Posted by: Stevie on June 30, 2004 10:42 AM

The "price" in a wrongful death case is based, at least partly, on projected future earnings of the deceased. There are legitimate wrongful death claims. This doesn't sound like one of them.

Posted by: Larry on June 30, 2004 12:31 PM

Gotcha.
And, that's true and it sure doesn't.

Posted by: Stevie on June 30, 2004 12:59 PM

I daresay I'm evil, nasty, and vile, but a case like this makes me wonder if the parents pushed the kid off just for the money.

Posted by: Persnickety on June 30, 2004 02:17 PM

What a disgrace #1, and #2, who the F**K do these people think really pay out this kind of money?
News Flash! WE All do!
FT&FTB's!

Posted by: wes jackson on June 30, 2004 07:03 PM

Once the facts are on the table one hopes the judge can apply Oregon Revised Statutes 30.800 (2), 30.803, 30.805, or 30.807, which require the complaining party to allege and prove gross negligence.
My personal opinion is that a case like this isn't constructed to be presented in open court, in fact will never be heard in open court because it cannot be won in front of a jury.
It may be an attempt to gather information that isn't readily available without the tools of Discovery, a strategic move in a larger chess game that targets another party, or a mistaken target for the Client’s emotions. In some cases, it's an outright attempt to coerce the respondent into a relatively small monetary settlement to which he agrees to avoid the far greater costs and risks of litigation. The complaining party can say, "I won," while the respondent secures an agreement that it was not at fault and therefore didn't lose.
Because the doors to the courthouse are open to all, as they should be, a lawyer can be pushed by a client to bring these kinds of actions. Less ethical lawyers can play the game that at least some number of suits will be settled with a monetary award and invite a client to risk action.
The defense for actions like this ought to be to put the facts on the table and call the bluff. If the lawyer (Client) takes the bait and opts for trial, then the respondent is free to defend vigorously, which can include facts regarding the Client or lawyer’s practice, ethics, etc., and a request that the Court sanction the complaining party. Unfortunately, the confluence of pragmatism on the part of the respondent and slime / greed / invested reputation / anger / and other factors usually result in a negotiated settlement, which seems only to inspire the next entry into this vicious cycle.

Posted by: DJSloan/Houston on June 30, 2004 09:36 PM

Let's just think about this for a second. Then tell me what you think.

Your son has fallen. He is badly injured and needs the help of paramedics and SARs personnel. They tell you that your son is alive, but the full extent of his injuries are unknnown.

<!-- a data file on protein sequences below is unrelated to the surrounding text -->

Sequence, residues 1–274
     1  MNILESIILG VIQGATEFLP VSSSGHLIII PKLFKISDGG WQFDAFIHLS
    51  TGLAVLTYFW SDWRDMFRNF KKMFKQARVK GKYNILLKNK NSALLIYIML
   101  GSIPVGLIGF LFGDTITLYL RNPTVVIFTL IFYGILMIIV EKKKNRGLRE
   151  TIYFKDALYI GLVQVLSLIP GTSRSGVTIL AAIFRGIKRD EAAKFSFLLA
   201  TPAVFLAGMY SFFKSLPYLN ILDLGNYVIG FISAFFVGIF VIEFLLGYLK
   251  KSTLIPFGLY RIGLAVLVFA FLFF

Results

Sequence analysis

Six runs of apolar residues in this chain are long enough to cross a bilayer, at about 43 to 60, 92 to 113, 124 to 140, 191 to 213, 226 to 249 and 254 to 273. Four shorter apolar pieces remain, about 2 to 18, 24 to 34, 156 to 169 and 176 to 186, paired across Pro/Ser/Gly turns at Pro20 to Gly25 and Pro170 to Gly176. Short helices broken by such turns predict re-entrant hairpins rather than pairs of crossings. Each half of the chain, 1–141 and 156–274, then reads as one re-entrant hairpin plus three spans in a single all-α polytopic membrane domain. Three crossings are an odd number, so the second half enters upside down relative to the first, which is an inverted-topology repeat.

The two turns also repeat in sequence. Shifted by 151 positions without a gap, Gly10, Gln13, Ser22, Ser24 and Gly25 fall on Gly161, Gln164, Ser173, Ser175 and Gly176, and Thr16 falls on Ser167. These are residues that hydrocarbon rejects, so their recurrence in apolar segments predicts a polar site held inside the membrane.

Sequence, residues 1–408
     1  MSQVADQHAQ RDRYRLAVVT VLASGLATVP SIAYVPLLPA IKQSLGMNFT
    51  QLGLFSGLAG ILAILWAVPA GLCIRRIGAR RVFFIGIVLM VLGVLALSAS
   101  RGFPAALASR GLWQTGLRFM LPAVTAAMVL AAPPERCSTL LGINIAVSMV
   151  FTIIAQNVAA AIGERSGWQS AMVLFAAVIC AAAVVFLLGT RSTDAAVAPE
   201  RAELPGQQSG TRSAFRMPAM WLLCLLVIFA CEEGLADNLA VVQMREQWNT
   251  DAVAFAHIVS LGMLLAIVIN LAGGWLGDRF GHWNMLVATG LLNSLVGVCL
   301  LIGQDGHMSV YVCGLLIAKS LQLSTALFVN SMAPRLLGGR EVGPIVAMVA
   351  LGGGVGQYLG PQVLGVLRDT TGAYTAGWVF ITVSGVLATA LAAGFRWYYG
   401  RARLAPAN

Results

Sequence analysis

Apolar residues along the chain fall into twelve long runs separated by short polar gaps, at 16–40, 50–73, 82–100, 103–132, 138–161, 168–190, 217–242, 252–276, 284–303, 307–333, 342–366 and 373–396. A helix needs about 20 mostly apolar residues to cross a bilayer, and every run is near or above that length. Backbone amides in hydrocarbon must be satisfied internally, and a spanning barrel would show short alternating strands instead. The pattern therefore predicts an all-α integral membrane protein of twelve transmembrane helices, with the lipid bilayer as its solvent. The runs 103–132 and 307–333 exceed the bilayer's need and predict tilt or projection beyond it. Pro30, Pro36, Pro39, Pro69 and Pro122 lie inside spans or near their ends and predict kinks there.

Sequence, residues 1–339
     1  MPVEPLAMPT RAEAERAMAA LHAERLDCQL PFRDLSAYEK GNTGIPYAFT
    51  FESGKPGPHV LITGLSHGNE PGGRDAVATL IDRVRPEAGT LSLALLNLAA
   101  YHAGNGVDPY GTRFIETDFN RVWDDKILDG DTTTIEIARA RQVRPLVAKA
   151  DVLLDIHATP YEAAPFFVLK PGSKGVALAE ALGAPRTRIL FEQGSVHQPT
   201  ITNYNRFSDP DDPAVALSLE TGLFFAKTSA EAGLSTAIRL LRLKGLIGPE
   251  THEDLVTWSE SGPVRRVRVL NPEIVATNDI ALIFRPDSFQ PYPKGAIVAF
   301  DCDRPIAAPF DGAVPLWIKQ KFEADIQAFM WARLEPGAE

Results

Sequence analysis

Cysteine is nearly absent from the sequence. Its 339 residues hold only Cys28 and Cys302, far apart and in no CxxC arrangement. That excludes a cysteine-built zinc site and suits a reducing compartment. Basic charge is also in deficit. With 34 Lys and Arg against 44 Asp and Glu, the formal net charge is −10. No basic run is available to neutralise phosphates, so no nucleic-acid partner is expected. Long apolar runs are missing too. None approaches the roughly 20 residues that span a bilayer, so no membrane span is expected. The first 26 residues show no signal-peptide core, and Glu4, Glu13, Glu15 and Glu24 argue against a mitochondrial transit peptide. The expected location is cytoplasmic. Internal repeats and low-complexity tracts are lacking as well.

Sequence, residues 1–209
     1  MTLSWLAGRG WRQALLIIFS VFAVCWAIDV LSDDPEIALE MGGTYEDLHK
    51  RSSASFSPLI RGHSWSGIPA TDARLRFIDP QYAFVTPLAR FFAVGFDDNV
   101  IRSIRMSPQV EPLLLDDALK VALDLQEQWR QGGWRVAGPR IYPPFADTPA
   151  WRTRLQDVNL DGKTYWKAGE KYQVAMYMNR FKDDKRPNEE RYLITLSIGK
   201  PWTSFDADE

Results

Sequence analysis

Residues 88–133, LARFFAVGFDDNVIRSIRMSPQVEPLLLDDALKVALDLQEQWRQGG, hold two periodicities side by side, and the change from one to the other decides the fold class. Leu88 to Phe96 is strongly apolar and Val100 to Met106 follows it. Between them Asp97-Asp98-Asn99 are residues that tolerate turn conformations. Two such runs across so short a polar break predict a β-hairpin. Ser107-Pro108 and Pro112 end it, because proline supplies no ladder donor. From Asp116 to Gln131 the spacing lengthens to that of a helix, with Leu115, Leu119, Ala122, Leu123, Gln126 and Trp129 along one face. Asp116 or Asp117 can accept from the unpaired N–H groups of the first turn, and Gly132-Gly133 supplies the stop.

The helicopter goes in and the SARS guy, who has been thoroughly trained in this type of mission begins his attempt to load your son into the basket.

During this attempt, the paramedic/SARs person fails to follow the protocol for securing a possible neck injury -- let's say he forgot, or he just thought that the guys neck looked fine -- so no collar, or other procedure for securing the neck. By failing to secure your sons neck, his head is allowed to fall forward and due to a sever fracture his spine is compromised and he dies.

Autopsy shows, 3 broken ribs, 1 broken leg, a broken arm and collar bone, and a broken neck.

Cause of death: serious spinal injury due to failure to secure patient's neck during transport.

Now, your son is dead. The reason he died is becuase the guy "rescuing" him fucked up. You will never speak to your son again -- he was young and in the prime of his life.

The guy who fucked up -- well, he's at home with his family having dinner. He could have followed protocol and your son would be alive...but he didn't.

Now, this is the sort of thing that comes out during discovery in a case like this.

If this were to come to light, do you still think that nobody should be held responsible? Do you still thank them and shake their hands knowing that they literally fucked up and now your son is dead?

These people are payed to save lives. They are trained, using our tax dollars to use good judgment and to follow protocol that is set forth for one purpose -- to avoid unnecessary death.

My feeling is that in a case like this, that the investigation must be done. This can only happen if a lawsuit is filed. If the facts of the case do not support a negligence cause of action, then the defendant has the summary judgment tool to end it all very early in the litigation.

Posted by: Marine Esq. on June 30, 2004 10:33 PM

I agree, Marine, ONLY if that is the case. If that cannot be proved and the lawsuit continues, It will be a HUGE mistake and every one of us will have to pay. EMTs will get to the point that they are afraid to perform their jobs in fear of being sued, which THAT causes death. I just pray that it never gets to that point. If a woman can sue McDonalds for spilling coffee on herself, I'm sure these people can win this case if played right.

I thought about becoming an EMT. I may think twice now.

Posted by: Sam on June 30, 2004 10:48 PM

Don't go overboard here. If you want to be an EMT, then go for it.

It's rare to come accross this kind of lawsuit...at least in my experience.

Good luck.

Posted by: Marine Esq. on July 1, 2004 12:16 AM
Post a comment














*Note: If you are commenting on an older entry, your
comment will not appear until it has been approved.
Do not resubmit it.